When did you first hear jazz and in particular New Orleans jazz? You grew up far from New Orleans.

The way I got steeped in the music was when I was in college. There was a group of musicians who played that style and they were looking for a trombonist. I came into it with a pedigree of classical trombone, never having any familiarity at all with – not being derogatory – very crude and a very rudimentary jazz style that makes up what we call authentic New Orleans jazz.

For me it was just some jazz work on the weekend that paid pretty well. It was in Hartford Connecticut and this band had a regular gig, and they said here’s some cassettes to listen to – have at it. So in very short order I was able to play by rote some of the more celebrated trombone solos so the band was thrilled, and that’s how I got steeped in it.

For a long time I felt it was pretty rough stuff and I didn’t really have an appreciation of it. I sometimes make the analogy that It’s like drinking scotch. Your first glass of scotch – you don’t really understand what the fuss is about and it doesn’t taste that good. And I had that reaction with that music. As the years have progressed I’ve gained a much greater appreciation of it.

There’s parallels with the simplicity of the music to things like Miles Davis. That’s what Miles was going for in a lot of his solos. paring it down, throwing out the technique, throwing out the versatility and the high notes and playing in a very show boat style. Trying to strain it down to it’s essence.

And you listen these sort of very simple Miles Davis solos on Kind Of Blue and some of his classic records and they’re extremely beautiful and extremely plaintive but they’re extremely simple. It’s not about versatility, it’s not trying to show the people how fast or how high we can play. It’s being able to put a song across in this very heartfelt way.

It’s seems like a type of music that leans towards being played live. The records are great but seeing a band play it live and the energy is the joy. Would you agree?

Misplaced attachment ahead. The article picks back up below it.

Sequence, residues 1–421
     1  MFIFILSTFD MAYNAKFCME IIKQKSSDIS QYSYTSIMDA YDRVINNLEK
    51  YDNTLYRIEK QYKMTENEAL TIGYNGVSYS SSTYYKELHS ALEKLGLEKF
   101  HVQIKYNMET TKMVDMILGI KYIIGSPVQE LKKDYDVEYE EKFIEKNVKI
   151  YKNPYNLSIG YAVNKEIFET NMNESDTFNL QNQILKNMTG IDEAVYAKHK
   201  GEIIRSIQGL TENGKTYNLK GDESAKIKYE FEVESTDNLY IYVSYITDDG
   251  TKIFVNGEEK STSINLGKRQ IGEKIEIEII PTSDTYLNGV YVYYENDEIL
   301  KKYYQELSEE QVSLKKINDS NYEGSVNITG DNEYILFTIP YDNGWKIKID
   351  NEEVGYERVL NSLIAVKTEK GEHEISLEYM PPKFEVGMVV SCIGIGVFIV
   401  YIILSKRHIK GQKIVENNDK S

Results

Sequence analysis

Without a doubt. There’s tremendous amount of spontaneity. Without bragging we have an extremely deep repertoire. And we can do that because a lot these songs are very simple, either popular melodies of the day, New Orleans marches, hymns, spirituals and there’s literally hundreds and hundreds of songs. And if we were playing a double header and Woody called the song both nights, it would sound completely different. And it’s due to the spontaneous nature of jazz and it’s the way the guys were feeling.

For the most part a lot of music that we play was really functional dance music. The music that Woody listened to were these New Orleans guys, and a lot of them were not very facile at playing their instruments but they were just jobbed out to play at the local dance hall for five hours.

Were you a film person growing up? You were a fan of Woody?

It was a different time. If you were a film person, you would go and see it with your pals at the theatre. This predates VCR so there was no collecting of films. So whatever we saw we saw at the theatre, whether it was the Deer Hunter or The Godfather. I was in high school when Annie Hall came out and I recall the theatre that we went to and seeing that movie and enjoying it. I also remember seeing Sleeper.

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When did you hear that Allen was also a musician?

Probably around college time, when I started playing New Orleans jazz. I peripherally heard that he had a band that performed in New York regularly that aped that style. Of course, there was that anecdote of him missing the Academy Awards – he probably wouldn’t have gone to the Academy Awards anyway even if he didn’t have another commitment – but the Academy Awards used to be on Monday nights and the band has always played on Monday nights. So that was 100% true.

How many songs do you reckon the band knows?

Probably close to a thousand, without exaggeration.

When we go out and we do these multi-city tours Woody delights in not calling the same tune for the entire tour. We have our flag wavers, sometimes he refers to it as we have our ‘a’ show, but he would more often than not delight in calling the more esoteric stuff, stuff that we haven’t played in a while, just so he doesn’t have to repeat a number out on tour.